Motivation and Outcomes Measurement of University Entrepreneurship Programs
A few weeks ago, the Kauffman Foundation released a report on university entrepreneurship education. I want to discuss a couple of points about the university’s motivation for supporting these kinds of curricula, programs, and events, and how it relates to measuring outcomes and implications for funders.
Part of the report speaks to measurement issues in university entrepreneurship education, and points out that measures commonly do not address the value added by the education. To state that twenty students went through a program, and fifteen went on to work in startups (either starting their own or joining others) does not address the counterfactual of what the students would have done without the program’s intervention. There needs to be a reliable comparison group against which to benchmark.
However, as the report discusses, these kinds of economic outcomes—startups created, jobs created, funding received, etc.—may not be the most important for universities. The report hints at a distinction I’d like to expand on—the difference between university entrepreneurship programs, whose primary purpose is for education, and between non-university programs, whose primary mission is more akin to directly increasing success and business outcomes.
Two years ago, I worked on a project conducting semi-structured qualitative interviews with faculty, students, and university officials involved in commercializing spinoffs from university technologies. We learned that many faculty were very concerned about allowing their students to be involved in spinoffs and sought to shield students from doing so if they felt it interfered with the student’s education. I have subsequently heard this sentiment echoed almost universally by faculty—not necessarily outright fear of entrepreneurship, but the desire to put education first. It makes sense to me then to think that university entrepreneurship programs have institutionally ingrained in them the ‘education first’ mantra, or at least more so than non-university programs.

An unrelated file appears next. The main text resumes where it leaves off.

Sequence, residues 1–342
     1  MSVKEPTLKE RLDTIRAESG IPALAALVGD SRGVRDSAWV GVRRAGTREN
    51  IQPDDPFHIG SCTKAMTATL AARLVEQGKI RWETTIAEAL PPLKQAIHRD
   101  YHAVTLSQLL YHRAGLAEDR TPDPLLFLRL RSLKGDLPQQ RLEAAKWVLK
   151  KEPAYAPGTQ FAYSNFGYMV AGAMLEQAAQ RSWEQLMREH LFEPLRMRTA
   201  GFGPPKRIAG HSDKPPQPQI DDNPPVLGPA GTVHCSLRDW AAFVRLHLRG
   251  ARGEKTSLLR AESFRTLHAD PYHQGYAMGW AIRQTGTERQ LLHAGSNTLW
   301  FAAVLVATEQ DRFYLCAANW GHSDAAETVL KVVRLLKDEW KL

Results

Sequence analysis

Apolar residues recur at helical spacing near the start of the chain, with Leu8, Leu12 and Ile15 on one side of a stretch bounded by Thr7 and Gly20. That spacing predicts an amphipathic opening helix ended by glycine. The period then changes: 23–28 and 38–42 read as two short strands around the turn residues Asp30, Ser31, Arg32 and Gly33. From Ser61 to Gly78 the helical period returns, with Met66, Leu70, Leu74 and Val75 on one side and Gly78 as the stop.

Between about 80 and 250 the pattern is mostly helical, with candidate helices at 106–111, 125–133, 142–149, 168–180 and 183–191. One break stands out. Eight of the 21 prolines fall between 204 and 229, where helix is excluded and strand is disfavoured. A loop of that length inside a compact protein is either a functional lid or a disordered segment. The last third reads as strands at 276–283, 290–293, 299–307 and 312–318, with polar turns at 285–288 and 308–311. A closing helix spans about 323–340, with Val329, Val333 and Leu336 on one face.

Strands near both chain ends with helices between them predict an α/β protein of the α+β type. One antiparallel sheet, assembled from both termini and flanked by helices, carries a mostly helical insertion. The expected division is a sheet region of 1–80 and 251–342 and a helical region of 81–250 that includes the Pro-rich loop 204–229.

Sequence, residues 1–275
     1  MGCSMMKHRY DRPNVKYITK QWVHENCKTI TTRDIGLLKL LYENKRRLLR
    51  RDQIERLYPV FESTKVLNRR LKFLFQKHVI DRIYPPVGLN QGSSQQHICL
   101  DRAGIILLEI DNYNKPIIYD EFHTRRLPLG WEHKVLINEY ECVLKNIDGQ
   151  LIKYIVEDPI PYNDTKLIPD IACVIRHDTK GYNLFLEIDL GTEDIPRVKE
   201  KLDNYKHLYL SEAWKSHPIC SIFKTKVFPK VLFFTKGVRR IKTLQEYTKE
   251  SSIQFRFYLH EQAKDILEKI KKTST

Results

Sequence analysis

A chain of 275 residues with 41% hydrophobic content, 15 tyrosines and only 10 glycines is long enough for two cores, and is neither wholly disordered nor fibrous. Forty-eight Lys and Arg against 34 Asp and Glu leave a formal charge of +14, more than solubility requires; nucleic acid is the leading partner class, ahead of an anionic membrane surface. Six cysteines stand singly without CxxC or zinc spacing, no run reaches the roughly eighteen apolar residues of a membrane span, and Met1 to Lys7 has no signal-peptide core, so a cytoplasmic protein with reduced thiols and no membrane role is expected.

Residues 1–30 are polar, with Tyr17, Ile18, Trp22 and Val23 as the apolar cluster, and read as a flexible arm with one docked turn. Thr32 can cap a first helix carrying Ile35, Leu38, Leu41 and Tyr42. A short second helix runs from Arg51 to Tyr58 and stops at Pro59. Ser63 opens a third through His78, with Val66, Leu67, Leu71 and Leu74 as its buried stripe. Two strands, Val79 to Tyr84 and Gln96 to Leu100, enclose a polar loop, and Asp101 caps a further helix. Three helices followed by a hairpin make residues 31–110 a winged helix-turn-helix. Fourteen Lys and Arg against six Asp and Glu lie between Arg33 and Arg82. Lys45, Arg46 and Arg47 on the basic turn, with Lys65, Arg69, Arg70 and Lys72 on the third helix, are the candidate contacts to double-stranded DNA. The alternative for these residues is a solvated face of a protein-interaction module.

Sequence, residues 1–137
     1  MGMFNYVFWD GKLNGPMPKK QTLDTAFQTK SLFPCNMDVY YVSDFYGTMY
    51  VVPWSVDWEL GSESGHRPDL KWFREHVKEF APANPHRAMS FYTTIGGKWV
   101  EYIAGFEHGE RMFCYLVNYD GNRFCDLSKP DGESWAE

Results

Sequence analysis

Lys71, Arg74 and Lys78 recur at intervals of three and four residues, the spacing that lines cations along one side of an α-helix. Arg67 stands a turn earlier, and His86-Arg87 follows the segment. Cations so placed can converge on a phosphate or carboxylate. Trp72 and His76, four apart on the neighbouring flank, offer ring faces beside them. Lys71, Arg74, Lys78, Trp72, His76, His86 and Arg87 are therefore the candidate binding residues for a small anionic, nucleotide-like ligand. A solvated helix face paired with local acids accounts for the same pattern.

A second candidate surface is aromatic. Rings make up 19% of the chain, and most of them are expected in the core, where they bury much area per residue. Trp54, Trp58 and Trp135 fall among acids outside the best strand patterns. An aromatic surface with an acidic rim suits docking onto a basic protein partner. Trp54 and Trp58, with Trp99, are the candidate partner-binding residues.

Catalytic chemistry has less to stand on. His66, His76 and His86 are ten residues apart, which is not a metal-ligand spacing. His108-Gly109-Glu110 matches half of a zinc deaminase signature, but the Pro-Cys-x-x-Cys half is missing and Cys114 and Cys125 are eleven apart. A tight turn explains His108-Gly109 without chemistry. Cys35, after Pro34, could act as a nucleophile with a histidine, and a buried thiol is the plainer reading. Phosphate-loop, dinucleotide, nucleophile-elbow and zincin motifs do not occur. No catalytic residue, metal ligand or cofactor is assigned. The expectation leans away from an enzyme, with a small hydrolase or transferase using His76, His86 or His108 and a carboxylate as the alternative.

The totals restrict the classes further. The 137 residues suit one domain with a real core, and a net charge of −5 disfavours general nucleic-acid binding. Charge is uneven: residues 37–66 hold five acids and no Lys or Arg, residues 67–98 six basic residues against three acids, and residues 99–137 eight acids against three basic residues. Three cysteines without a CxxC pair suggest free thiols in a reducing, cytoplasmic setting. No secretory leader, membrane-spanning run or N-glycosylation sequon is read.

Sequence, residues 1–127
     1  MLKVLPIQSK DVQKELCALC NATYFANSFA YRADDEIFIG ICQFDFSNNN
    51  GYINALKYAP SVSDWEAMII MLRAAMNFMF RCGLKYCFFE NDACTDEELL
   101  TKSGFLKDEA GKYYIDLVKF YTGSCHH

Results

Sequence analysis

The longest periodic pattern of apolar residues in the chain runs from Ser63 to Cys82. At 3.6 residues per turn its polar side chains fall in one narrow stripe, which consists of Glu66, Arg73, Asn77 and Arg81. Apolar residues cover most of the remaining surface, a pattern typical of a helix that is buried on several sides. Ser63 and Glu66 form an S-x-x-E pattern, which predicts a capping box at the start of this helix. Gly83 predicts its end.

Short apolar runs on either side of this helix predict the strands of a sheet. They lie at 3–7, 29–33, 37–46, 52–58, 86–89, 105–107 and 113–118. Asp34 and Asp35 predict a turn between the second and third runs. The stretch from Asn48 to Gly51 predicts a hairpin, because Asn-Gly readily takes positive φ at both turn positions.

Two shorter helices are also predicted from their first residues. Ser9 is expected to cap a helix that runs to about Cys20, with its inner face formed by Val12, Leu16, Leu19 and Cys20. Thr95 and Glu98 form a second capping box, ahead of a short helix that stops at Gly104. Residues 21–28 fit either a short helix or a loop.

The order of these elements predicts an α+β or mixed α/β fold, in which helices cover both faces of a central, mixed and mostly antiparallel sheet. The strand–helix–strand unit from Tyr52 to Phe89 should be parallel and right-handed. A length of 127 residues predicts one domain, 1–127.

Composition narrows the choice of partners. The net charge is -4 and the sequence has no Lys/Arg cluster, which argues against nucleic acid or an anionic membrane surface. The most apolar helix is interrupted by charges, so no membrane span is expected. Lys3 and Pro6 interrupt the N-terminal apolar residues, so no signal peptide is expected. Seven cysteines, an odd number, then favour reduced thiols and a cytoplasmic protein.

For those faced with a choice of whether or not to support or fund an entrepreneurship education program, this distinction is critical. I’m speaking to university decision makers; individual non-profits; local government; state government; federal government; for-profit investors/sponsors. Key outcomes for university programs are different than those for non-university programs. Universities can be significant players in their regional economies but are naturally limited by their focus on education rather than direct economic outputs. It is true that some arms of the university (in particular the technology transfer offices) are more focused on generating economic outcomes, but as a whole the university exists for education purposes. If new business formation and job creation is the desired effect, funders and policy makers should recognize that university programs focused on promoting learning will hopefully have indirect effects on economic outcomes, but only maybe and perhaps over long time periods, as this is not their immediate focus. As the report documents, universities deal with a much more fragmented entrepreneurial landscape. They face a diverse student body and a diverse makeup of different colleges and institutions within the university, all with varied motivations and reasons for participating in entrepreneurship. Universities will be glad to report the successes of their entrepreneurial students, but we should perhaps not force the expectation that universities will make this the primary goal of their entrepreneurship education programs.
This does not mean that university entrepreneurship education programs should receive a free pass from serious outcomes measurement, and that funders and policy makers should abdicate responsibility to monitor them. As the report documents, we have seen an explosion in the number of offerings in the past decade. But we still have little systematic evidence for what works and what does not. We have high-level understandings and suspicions—“mentors are important;” “connecting people is important;” “no one-size fits all approach works”—and we have examples of centers and programs that have worked for one university or the other, but we do not have a strong understanding of what exactly makes a difference. To build off the report’s discussion, I argue that no matter what the desired outcome for university entrepreneurship programs, programs should build control groups to compare outcomes between students that go through the programs and students that do not. These control groups must account for the student’s choice to actually go through a program. Only then will we begin to understand the true effects of these programs.
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